Antibiotics are fundamental to modern medicine, essential for treating everything from routine skin infections to strep throat, and for protecting vulnerable patients receiving chemotherapy or being treated in intensive care units.
Although antibiotic resistance is not a new problem, its scope now constitutes a major threat to human health. According to the Centers for Disease Control and Prevention, at least 2 million Americans fall sick every year with antibiotic-resistant infections—and 23,000 die.
Medical and public health experts agree that addressing antibiotic resistance requires measures that will ensure both the prudent use of existing drugs and a robust pipeline of new drugs. Pew's antibiotic resistance project supports policies that would:
- Spur the creation of new antibiotics by removing the regulatory, economic, and scientific obstacles that impede antibiotic discovery and development.
- Establish stewardship programs to ensure that antibiotics are prescribed only when necessary in human health care settings.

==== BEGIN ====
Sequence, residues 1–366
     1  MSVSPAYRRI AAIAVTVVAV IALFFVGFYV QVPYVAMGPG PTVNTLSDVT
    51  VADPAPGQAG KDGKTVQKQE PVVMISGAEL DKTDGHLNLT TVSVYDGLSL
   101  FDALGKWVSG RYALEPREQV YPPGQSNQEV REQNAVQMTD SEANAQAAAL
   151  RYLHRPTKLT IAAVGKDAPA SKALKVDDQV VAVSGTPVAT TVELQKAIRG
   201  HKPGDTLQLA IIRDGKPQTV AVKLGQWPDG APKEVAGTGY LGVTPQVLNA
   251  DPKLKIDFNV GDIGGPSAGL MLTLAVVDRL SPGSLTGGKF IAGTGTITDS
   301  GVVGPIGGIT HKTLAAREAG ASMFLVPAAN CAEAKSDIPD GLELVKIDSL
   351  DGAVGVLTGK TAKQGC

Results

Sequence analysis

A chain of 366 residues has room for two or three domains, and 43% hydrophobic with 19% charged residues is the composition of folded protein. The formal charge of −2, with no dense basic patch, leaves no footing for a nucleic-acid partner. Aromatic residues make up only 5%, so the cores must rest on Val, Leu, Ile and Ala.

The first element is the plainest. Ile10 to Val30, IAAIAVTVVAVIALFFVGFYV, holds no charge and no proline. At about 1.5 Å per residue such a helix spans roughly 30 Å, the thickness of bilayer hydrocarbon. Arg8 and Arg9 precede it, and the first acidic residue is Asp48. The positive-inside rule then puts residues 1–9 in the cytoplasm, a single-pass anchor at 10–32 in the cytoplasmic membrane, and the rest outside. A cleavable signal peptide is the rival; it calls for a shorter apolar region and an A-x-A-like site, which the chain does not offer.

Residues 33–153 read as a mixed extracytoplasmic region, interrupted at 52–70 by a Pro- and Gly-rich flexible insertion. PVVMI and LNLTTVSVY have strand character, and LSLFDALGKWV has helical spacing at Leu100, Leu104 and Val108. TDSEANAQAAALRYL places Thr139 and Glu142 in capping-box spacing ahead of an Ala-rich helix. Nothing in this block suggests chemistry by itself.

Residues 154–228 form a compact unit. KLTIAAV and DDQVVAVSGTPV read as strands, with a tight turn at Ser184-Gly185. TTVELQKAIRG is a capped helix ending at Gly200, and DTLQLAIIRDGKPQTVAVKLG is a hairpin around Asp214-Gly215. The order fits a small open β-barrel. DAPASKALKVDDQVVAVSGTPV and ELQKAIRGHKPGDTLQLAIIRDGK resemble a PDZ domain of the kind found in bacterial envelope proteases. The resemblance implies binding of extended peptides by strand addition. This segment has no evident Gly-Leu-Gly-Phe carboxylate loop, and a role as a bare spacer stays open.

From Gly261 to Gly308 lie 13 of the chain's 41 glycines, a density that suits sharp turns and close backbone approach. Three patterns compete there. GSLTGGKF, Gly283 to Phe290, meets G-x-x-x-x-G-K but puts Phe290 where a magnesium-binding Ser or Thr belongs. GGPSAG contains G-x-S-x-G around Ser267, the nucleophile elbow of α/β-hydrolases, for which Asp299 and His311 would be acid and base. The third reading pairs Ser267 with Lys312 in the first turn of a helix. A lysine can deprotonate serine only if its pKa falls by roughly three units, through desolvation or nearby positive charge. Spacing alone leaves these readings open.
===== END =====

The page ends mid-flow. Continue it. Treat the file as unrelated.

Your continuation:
- End the overuse of antibiotics in food animals.
The Food and Drug Administration’s Guidance for Industry #213, which phased out growth promotion uses of medically important antibiotics and requires remaining antibiotic uses to have veterinary oversight, was fully implemented on Jan. 1. It marks an important milestone in efforts to ensure that antibiotics are used responsibly in food animals; however, 1 in 3 animal antibiotic labels still... Read More
The recent death of a patient in Nevada is a stark reminder of what a post-antibiotic era could look like, and why there is no time to waste in finding new drugs. Read More
Scientific, economic, and regulatory barriers have led many major pharmaceutical companies to limit or stop investing in antibiotic innovation, just as the rise of resistant “superbugs” makes it more important than ever to develop novel antimicrobial drugs. The world needs new, targeted scientific research and innovative policies to revitalize the drug pipeline, produce new... Read More